I was recruited by Michelle Ng and Without Limits to write about my experiences in my final season of College Ultimate. 2011 has many possibilities...let's see how they pan out. E-mail me (robyn-fennig@uiowa.edu)

Tuesday, February 22, 2011

Improving Disc Skills During Crunch Time

This started out as an e-mail to my teammates. It turned into a post directed towards people who are "in-season." Saucy officially makes the transition into the outdoor season next weekend, with Midwest Throwdown (St. Louis, MO).

2008: Jaime, Katelyn, Lauren and I, showing off our clean jerseys. Thanks mud!
The Midwest, like most of the country, likes to make us play in ridiculous conditions, like below freezing temperatures, 30-40 mph wind, sleet, hail, slush, snow, 2 inches of mud that swallow your cleats (my personal favorite, horizontal sleet rain is typical every year at Regionals for us). We all know that these conditions make throwing and catching more difficult, to say the least. So how can someone expect to gain significant improvement from now until Midwest Throwdown (12 days away?): more touches on the disc.

My challenge is to find 10-15 mins every day of the week to get at least 100 throws/catches in. Go outside if the weather permits (today is great for throwing outdoors!) You might be thinking, "Robyn, you're crazy. 100 throws in 10-15 minutes!?"

If you don't believe me, watch me warm up before practice or a game (ask Bekah or Timko). I guarantee that if I am cleated up at 8:00, I can get you at least 80 reps in before we start our first drill.

Before every practice, this is my target:
-10 backhands, 3-5 yards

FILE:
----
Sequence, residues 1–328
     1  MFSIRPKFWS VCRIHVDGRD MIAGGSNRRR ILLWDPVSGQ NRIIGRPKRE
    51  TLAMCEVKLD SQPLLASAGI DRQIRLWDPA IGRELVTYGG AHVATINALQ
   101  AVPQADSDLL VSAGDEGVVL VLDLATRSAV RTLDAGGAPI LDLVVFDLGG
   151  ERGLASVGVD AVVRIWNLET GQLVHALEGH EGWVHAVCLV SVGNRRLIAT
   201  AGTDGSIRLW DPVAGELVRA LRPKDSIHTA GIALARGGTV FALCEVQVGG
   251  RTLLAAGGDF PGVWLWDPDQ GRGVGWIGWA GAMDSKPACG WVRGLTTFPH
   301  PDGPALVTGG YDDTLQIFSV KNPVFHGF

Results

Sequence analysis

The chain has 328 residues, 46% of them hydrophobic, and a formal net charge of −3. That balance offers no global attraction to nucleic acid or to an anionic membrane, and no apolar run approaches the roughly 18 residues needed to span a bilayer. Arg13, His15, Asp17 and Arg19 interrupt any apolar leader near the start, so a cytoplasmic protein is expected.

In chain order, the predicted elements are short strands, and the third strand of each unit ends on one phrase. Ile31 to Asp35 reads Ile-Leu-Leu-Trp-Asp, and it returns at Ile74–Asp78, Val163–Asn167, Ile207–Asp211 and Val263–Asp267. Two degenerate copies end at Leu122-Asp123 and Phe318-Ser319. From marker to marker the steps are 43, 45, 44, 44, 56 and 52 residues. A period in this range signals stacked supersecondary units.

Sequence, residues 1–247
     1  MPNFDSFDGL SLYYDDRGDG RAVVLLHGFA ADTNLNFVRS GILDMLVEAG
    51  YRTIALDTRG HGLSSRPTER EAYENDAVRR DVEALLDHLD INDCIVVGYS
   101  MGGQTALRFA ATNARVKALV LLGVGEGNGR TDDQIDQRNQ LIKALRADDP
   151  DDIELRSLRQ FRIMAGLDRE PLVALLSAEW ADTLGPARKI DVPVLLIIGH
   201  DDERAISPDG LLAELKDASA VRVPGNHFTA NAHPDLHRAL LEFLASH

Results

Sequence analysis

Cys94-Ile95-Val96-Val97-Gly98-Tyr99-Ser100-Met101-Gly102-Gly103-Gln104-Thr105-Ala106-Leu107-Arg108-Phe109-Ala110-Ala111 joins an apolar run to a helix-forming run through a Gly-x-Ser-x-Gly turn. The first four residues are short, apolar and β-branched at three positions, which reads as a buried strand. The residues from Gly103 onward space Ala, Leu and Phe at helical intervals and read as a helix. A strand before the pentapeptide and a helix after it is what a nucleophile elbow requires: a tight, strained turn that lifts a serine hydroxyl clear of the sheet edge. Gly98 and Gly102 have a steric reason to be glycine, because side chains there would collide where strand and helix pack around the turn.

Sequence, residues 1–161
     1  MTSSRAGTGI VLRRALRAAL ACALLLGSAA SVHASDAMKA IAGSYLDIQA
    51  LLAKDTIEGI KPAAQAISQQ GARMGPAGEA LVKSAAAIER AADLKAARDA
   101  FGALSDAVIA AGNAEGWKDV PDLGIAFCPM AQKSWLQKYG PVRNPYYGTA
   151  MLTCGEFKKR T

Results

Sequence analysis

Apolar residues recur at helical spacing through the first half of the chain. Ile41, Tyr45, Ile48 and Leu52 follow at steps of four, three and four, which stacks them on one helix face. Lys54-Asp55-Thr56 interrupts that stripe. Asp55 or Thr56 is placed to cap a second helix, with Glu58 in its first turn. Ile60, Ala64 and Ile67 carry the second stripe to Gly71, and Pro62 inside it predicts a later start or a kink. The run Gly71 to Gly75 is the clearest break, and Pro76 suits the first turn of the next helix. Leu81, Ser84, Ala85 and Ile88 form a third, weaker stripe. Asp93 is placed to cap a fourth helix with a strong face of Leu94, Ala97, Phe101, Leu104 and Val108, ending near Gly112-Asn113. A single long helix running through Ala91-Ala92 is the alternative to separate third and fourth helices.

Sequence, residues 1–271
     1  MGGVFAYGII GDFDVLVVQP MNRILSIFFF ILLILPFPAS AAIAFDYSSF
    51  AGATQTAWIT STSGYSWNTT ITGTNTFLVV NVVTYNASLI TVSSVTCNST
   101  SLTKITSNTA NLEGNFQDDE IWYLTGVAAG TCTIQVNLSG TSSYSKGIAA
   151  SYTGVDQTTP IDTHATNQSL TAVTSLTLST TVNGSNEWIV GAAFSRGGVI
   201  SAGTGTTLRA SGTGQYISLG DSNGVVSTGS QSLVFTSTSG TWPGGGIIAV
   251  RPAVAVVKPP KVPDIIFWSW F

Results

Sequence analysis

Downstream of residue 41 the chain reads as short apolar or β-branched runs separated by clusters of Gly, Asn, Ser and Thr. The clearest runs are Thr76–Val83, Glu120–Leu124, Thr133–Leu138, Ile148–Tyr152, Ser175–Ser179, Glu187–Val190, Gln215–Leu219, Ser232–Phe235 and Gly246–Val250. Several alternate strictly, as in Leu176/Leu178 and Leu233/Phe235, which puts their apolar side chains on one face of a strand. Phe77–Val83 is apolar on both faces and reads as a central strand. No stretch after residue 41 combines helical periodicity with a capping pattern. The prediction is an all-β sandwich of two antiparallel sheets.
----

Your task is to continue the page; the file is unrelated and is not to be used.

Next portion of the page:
-10 forehands, 3-5 yards
-10 backhands, 10 yards (4 straight, 2 inside-out, 2 outside-in)
-10 forehands, 10 yards (4 straight, 2 inside-out, 2 outside-in)
-15 backhands, 15 yards (5 straight, 5 inside-out, 5 outside-in)
-15 forehands, 15 yards (5 straight, 5 inside-out, 5 outside-in)
-15 backhands, 20-25 yards (5 straight, 5 inside-out, 5 outside-in)
-15 forehands, 20-25 yards (5 straight, 5 inside-out, 5 outside-in)

Personally, I don't worry so much about working on low release throws or fakes during this "warmup" time where I'm trying to maximize disc touches. I don't do either of these skills (low throws or fakes) unless I have a mark on. So I focus on these skills during drills with a mark. If I have no mark on me, I have no reason to get really low. It slows down my throw and adds unnecessary movement. As for faking, I practice that when I'm watching TV or walking around campus (I prefer to make eye contact with strangers and fake throw at them. General rule of thumb, if they flinch, my fake was good. Which means, I have lots to work on with my forehand...). I am not sure how many coaches or more experienced folks would agree with this philosophy.

My advice: constantly be moving. Work on your footwork. Most importantly, work on your "transfer time." (Timko is probably more than sick of me preaching transfer time, haha)

As a former college fastpitch softball catcher, my coaches emphasized the need to decrease the amount of time I actually had the ball in my possession. Minimizing my transfer time (time that elapses from when I actually catch the ball and it gets in my teammates glove on a base to throw a runner stealing a base out) helped me play my role of keeping base runners in their place. I can control how long the ball was in my glove, how long it took me to set up my throw, how long I took to get the ball out of my hand, how fast the ball got to the base. Working on taking out every unnecessary movement was essential: it was the difference between throwing someone out and giving them a free base.

The same can be said of ultimate. The faster you get the disc out of your hands, the more options to throw you have. Things to minimize:
-How long it takes you to gain possession
-How long it takes you to find your grip
-How long it takes you to set up your throw (footwork, body positioning)
-How fast your release is

Something else to work on:
-How accurate your throw is*

Having a fast transfer time is great, but when it comes down to it, if the disc doesn't come close to your receiver, what good is a good transfer time?

Accuracy comes from practice, repetition, and touches on the disc. Case in point, get outside and throw!

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